Oracle Reassures Developers about Future of MySQL
- By John K. Waters
- April 15, 2010
Oracle Corporation will increase its investment in the open-source MySQL database it acquired with its purchase of Sun Microsystems, and it has already begun to make improvements to the software. So said Oracle's chief software architect, Edward Screven, during his "State the Dolphin" keynote address at the annual MySQL Conference and Expo in Santa Clara, Calif., this week.
"We are going to continue to develop, promote and support MySQL," he said, adding, "It's worth it to Oracle to invest in MySQL, and we're making it better. Not at some abstract point in the future, but today."
Screven pointed to the beta of MySQL 5.5, which he claimed improves performance by more than 200 percent and improves recovery times by more than a factor of 10. He added that semi-synch replication and more partitioning will be integrated in MySQL 5.5, and he assured the crowd that Oracle will maintain MySQL Server's pluggable storage engine architecture -- the enterprise and community editions will ship with the same code.
Oracle also announced the release of MySQL Cluster 7.1 at the show, and Screven cited Oracle's investment in that release, as well as MySQL Workbench 5.2 and MySQL Enterprise Monitor 2.2, as further proof of the company's commitment.
Screven also made the case that Oracle is just open-source friendly in general. Open source has long been an import part of Oracle's product offerings, he said. He cited the company's extensive investment in and involvement with the Java platform, the Apache Web server, the Xen hypervisor, the Linux OS, the PHP scripting language and the Eclipse platform, among others.
"There's a lot of great stuff out there that's open source," he said. "By using open source… and delivering it to our customers … we speed up time to innovation. We get to take advantage of all the great work that's happening out there in the community. We also contribute work back. And we want developers to use our products, and developers like open source."
"MySQL is part of Oracle's open strategy that drives our entire company," he said.
But Roger Burkhardt, CEO of Ingres, an open source database company and Oracle competitor, warned that Oracle can't be trusted with MySQL. In an apparently widely circulated e-mail, Burkhardt wrote:
"Oracle has already cut back the MySQL road map to avoid competing with its own database management system and will try and attract MySQL developers onto a path to costly proprietary software and vendor lock-ins. MySQL lacks the enterprise grade strength and features required to actually run Oracle's own applications in production and they won't add these capabilities. They will use MySQL and Glassfish as open source ‘window dressing' to try and divert the threat from capable open source technologies such as Ingres and JBOSS, to their overpriced database and application server software."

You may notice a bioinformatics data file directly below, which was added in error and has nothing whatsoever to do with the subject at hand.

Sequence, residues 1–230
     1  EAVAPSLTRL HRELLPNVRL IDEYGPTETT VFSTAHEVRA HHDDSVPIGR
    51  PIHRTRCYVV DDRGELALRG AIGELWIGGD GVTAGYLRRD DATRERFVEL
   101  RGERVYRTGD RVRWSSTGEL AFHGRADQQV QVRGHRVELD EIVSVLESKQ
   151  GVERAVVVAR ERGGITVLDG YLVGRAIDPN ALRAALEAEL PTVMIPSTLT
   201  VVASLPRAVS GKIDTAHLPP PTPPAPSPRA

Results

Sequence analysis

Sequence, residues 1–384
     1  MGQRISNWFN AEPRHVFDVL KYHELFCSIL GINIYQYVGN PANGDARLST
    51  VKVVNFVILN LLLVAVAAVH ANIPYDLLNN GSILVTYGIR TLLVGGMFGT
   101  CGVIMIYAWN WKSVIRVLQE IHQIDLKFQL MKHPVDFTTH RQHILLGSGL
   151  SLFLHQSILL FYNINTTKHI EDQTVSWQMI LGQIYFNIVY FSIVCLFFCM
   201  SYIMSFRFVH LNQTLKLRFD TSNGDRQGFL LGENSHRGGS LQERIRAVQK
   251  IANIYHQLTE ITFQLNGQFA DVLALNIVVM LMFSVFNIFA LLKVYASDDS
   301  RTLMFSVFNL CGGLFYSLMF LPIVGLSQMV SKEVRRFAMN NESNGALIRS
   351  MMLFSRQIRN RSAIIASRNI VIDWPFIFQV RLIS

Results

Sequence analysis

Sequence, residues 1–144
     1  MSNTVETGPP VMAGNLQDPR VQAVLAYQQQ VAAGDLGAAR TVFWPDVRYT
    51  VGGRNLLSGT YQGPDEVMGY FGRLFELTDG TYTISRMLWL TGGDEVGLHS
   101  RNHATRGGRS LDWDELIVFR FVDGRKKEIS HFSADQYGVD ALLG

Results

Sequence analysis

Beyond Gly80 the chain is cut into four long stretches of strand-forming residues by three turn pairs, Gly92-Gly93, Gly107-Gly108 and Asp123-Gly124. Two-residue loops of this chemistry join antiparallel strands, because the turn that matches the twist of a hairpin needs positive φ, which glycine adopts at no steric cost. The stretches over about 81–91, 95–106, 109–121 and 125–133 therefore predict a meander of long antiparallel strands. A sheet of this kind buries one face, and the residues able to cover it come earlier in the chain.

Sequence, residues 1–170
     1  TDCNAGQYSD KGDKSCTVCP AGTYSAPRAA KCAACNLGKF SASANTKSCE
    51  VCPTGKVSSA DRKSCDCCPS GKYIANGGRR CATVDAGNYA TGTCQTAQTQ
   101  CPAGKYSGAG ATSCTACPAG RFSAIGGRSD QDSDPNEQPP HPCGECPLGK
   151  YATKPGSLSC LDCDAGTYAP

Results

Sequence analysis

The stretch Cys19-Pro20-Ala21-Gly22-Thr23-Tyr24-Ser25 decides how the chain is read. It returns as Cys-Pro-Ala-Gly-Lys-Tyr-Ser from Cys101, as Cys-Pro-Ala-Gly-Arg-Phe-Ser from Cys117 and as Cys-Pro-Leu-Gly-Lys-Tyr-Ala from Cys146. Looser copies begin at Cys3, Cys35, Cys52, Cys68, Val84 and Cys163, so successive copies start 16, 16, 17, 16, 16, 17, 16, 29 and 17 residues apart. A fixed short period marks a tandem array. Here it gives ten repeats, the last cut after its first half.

Another critic of Oracle's stewardship of MySQL, Michael "Monty" Widenius, main author of the original MySQL and one of the creators of the MariaDB fork of the database, was on hand at the conference to provide his first keynote in five years.
"MySQL is an ecosystem, not just a company," Widenius said. He said that all the different branches of MySQL and the different companies have to work together to contribute code to a common 'trunk.'"
"You need to have lots of people outside inside to get something that is both developer and company driven," he said. "The best possible database you can get is when you have people who are using the code also developing it. The only way to do that is to have developers everywhere."
"There has been a lot of movement in the MySQL space this year," he added. "Lots of people have been changing jobs. Most of the MySQL executives from Sun have changed jobs. But what makes me happy is that we have been able to keep engineers in the [MySQL] ecosystems."
John K. Waters is the editor in chief of a number of Converge360.com sites, with a focus on high-end development, AI and future tech. He's been writing about cutting-edge technologies and culture of Silicon Valley for more than two decades, and he's written more than a dozen books. He also co-scripted the documentary film Silicon Valley: A 100 Year Renaissance, which aired on PBS. He can be reached at [email protected].